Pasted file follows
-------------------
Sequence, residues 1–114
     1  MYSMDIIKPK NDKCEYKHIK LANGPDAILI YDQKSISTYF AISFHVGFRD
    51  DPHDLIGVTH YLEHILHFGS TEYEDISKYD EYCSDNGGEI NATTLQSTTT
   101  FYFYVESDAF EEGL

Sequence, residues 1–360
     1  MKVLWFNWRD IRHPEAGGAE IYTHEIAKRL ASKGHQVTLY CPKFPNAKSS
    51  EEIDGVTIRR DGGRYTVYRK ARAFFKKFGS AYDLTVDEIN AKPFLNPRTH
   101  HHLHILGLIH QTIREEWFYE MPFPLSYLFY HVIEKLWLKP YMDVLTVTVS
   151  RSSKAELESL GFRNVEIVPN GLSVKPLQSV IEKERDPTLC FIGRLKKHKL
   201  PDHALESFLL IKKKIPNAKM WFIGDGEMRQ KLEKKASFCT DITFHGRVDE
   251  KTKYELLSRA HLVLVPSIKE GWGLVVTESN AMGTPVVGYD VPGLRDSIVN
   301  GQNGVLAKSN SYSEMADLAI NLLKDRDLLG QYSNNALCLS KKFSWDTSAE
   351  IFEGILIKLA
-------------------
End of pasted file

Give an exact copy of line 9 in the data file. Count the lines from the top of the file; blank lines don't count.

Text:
   151  RSSKAELESL GFRNVEIVPN GLSVKPLQSV IEKERDPTLC FIGRLKKHKL